The Fair Debt Collection Practices Act, or FDCPA, is a federal law enacted in 1978 that outlines a number of your rights as a consumer when debt collectors try to collect certain types of debt.
When it comes to managing debt collectors, knowledge is your best defense. Read on to arm yourself with facts about the FDCPA and your rights as a consumer so that you can combat a debt collector’s bothersome — and sometimes illegal — collection tactics.
When, where and with whom communication is permitted
- When: Collectors can’t contact you at an unusual time or place that they know would be inconvenient to you. They are specifically restricted from contacting you before 8 a.m. and after 9 p.m., unless they get permission from you or a court.
- Where: If collectors are notified or otherwise have reason to know that they are not to contact you at your place of employment, then they’re restricted from doing so.
- Whom: If debt collectors know that you have retained an attorney to handle your debt, then they’re only allowed to communicate through your attorney — as long as the debt collector can easily get the attorney’s contact info and the attorney responds. Your attorney can also give a debt collector permission to continue contacting you.
Also, debt collectors may not harass third-party contacts in an attempt to settle your debt. The only parties allowed to receive contact are the consumer themselves, the consumer’s attorney, the creditor, the creditor’s attorney, the debt collector’s attorney and sometimes consumer-reporting agencies (depending on your local laws).
As the consumer, you can refuse to pay the debt or ask that the debt collector stop contacting you. If you choose to go this route, you must respond to the debt collector in writing with your request to stop being contacted regarding the debt.
Under the terms of the Fair Debt Collection Practices Act, the collector has to stop contacting you, with two exceptions. For one, debt collectors have to tell you that they received your letter and won’t be contacting you again. They also can notify you if they take additional measures within the bounds of the law to collect the debt, such as filing a lawsuit against you.
One thing to remember: Acting to stop a collector from communicating with you doesn’t prevent the collector from suing you or reporting your debt to credit bureaus.
Any debt collector who contacts you for payment must share with you certain information about the debt. If collectors don’t give you this information when they first contact you, then they must submit the information to you in writing within five days of the initial contact. Here’s the info they’re required to give you:
- The name of the creditor.
- The amount owed to the creditor.
- That you have the right to dispute the debt in writing within 30 days of the debt collector’s initial communication. If you dispute the debt, the debt collector is required to send verification of the debt or a copy of any judgment.
- That you can request the name and address of the original creditor, if different from the current creditor.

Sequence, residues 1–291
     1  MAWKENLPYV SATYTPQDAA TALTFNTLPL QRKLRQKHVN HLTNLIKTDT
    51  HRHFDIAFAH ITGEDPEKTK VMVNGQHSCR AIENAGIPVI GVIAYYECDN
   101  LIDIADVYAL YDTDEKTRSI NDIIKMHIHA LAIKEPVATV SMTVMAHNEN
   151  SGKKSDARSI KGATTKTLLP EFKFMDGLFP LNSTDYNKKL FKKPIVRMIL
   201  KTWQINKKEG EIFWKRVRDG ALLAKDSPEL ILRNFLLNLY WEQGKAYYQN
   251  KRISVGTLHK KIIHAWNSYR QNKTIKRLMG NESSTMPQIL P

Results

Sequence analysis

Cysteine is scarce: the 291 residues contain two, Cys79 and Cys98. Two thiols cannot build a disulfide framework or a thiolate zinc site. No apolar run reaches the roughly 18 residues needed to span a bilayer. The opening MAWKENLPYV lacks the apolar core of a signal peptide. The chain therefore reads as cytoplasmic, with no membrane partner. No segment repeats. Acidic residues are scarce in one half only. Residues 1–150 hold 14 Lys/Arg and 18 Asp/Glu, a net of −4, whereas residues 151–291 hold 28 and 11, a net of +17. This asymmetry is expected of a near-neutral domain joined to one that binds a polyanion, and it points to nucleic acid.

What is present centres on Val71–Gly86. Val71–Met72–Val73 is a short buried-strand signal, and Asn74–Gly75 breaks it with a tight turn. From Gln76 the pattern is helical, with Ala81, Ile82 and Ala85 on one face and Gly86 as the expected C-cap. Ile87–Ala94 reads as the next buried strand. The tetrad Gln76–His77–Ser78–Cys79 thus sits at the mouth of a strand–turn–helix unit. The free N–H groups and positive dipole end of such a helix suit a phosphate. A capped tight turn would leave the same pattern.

If you make the written request within 30 days, the debt collector can’t contact you again until they’ve provided you with verification of the debt. This gives you a break from calls and can also allow you time to compare your records with the creditor’s or consult an attorney for legal guidance.
There are some things that debt collectors aren’t allowed to do at all.
- Harassment or abusive practices – Debt collectors can’t intimidate you with physical violence, use obscene or offensive language, threaten to defame you to coerce payment, or repeatedly call or harass you or make contact without identifying who they are.
- False or misleading practices – Debt collectors may not falsely represent themselves as anyone else, misrepresent the amount due to the consumer, lie to coerce payment, or provide any false documents to the consumer.
- Unfair practices – Debt collectors may not collect any unauthorized fees, solicit a postdated check to intimidate a consumer, threaten to deposit a postdated check before the date on the check, or threaten repossession without the legal means to do so.
This article only scratches the surface of the Fair Debt Collection Practices Act and its federal protections for consumers. Take time to review the full act — or seek legal advice if legal mumbo-jumbo is not your strong suit. The FDCPA is important, and you need to be familiar with its provisions to avoid making impulsive or pressured decisions.
Without question, non-stop calls from debt collectors are unwanted. Avoiding debt should always be a top goal. But if you find yourself in a financial bind and have debt collectors contacting you, you need to know your rights as a consumer under the Fair Debt Collection Practices Act.
Remember, collectors have limits on their communications with you, and they cannot use threatening or offensive practices or provide erroneous information to pressure a payment. If you feel you’ve been mistreated by debt collectors and believe they may be in violation of the FDCPA, contact the Consumer Financial Protection Bureau, the Federal Trade Commission or your state’s attorney general.